Now that road traffic is picking up again in Houston, trucking companies have stayed very busy, especially since many people these days order products and services from home. Nevertheless, truck accidents are going to occur, and they are costly affairs. Many truck accident lawsuits allege that truck driver fatigue was the cause of the crash, but there are ways to counter these types of allegations.
Time of day and alertness
Some hours of the day are more conducive to alert driving than others. People are naturally drowsy from midnight to 6:00 a.m. and again from 2:00 p.m. to 4:00 p.m., due to our circadian rhythm. If your truck accident occurred outside these timeframes fatigue may not be to blame.
Diet and alertness
Did you know there is a link between your diet and alertness? If you eat healthy meals at regular intervals, you may sleep better at night and thus be more alert during the day. Skipping a meal, eating at odd times or eating a big meal right before bed can actually interfere with your sleep. If you take regular meal breaks at appropriate times, fatigue may not be a factor in your crash.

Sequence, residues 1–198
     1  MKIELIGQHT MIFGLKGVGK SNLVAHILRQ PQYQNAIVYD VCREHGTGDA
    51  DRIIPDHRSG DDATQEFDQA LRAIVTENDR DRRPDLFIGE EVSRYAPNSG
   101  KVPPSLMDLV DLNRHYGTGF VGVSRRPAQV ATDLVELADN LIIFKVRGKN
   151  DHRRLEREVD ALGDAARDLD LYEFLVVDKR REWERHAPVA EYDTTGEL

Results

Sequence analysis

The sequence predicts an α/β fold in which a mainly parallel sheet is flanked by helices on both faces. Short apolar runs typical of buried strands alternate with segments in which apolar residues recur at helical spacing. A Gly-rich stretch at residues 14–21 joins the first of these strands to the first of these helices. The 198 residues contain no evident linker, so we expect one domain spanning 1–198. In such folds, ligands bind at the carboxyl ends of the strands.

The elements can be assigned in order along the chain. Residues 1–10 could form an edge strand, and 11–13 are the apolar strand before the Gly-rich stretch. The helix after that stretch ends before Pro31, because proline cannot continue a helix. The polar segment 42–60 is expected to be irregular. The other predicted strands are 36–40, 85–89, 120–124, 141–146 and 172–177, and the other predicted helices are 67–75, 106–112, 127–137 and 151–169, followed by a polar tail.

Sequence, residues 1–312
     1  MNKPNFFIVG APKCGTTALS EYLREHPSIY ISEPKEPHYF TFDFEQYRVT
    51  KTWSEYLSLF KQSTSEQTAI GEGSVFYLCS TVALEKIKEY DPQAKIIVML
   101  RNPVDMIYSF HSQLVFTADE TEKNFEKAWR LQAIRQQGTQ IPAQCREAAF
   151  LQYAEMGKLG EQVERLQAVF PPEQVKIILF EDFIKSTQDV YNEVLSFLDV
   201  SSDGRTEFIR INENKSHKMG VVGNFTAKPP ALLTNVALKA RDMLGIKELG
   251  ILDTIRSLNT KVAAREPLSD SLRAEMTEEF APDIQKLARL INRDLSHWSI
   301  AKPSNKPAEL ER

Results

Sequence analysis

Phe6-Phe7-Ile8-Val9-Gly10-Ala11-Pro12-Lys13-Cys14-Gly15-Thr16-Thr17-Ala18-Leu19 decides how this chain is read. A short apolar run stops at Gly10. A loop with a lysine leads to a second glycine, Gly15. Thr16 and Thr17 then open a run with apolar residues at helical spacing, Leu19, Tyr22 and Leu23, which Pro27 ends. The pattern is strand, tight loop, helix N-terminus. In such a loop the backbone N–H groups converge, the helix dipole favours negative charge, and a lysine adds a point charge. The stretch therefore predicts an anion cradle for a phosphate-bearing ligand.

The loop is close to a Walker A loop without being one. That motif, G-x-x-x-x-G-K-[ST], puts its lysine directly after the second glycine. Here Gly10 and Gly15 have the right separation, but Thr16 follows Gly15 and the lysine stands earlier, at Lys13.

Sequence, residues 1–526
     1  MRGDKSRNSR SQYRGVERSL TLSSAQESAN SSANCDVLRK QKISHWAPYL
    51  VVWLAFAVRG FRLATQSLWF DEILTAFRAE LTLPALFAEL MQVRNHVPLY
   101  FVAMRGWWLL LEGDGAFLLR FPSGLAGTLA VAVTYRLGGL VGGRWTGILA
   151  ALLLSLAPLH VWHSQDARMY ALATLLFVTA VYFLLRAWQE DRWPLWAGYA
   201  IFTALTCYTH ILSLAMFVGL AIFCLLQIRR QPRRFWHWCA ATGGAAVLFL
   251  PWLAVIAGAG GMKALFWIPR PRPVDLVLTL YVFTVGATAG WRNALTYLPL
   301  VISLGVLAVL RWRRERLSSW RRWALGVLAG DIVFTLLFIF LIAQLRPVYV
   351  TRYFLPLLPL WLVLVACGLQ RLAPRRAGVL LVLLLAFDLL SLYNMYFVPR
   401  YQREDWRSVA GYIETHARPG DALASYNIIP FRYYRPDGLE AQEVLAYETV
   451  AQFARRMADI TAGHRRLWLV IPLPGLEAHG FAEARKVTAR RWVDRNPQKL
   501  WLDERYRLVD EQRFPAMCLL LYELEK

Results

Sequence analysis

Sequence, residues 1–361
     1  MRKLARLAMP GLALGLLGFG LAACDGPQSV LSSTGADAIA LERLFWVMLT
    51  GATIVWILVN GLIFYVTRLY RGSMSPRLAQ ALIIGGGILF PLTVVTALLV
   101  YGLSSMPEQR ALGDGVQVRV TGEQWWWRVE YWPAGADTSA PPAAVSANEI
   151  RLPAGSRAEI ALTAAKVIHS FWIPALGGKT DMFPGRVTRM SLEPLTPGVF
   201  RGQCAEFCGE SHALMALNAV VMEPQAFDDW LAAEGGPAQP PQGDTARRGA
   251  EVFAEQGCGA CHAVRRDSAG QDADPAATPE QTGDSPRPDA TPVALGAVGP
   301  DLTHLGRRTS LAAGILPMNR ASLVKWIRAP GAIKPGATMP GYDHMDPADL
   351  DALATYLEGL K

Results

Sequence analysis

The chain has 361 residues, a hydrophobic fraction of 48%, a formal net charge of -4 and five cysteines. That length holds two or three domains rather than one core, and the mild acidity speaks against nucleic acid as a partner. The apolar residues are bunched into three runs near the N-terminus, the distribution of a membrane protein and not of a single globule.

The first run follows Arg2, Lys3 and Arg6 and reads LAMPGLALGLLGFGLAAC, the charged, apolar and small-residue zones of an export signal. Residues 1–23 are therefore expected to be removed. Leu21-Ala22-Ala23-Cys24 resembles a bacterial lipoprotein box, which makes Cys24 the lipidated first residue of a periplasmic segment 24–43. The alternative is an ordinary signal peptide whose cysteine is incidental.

Medication and alertness
Certain prescription medications and over-the-counter medications list drowsiness as a side effect and warn not to operate heavy machinery while using the medication. Truckers who avoid these medications or who stay at home when they must take them may avoid the drowsiness that could lead to a truck accident.
Defending against truck accidents
A trucker who is well rested, eats a healthy diet and avoids certain medications can still be involved in a crash. It may be easy to point the finger at the trucker and claim the trucker was fatigued, but this is often not the case. Truck accidents can be complex, so if a trucker is involved in one, they will want to make sure they and their employer understand their legal rights and options. Transportation companies need legal representation that remains agile and effective, even in uncertain times.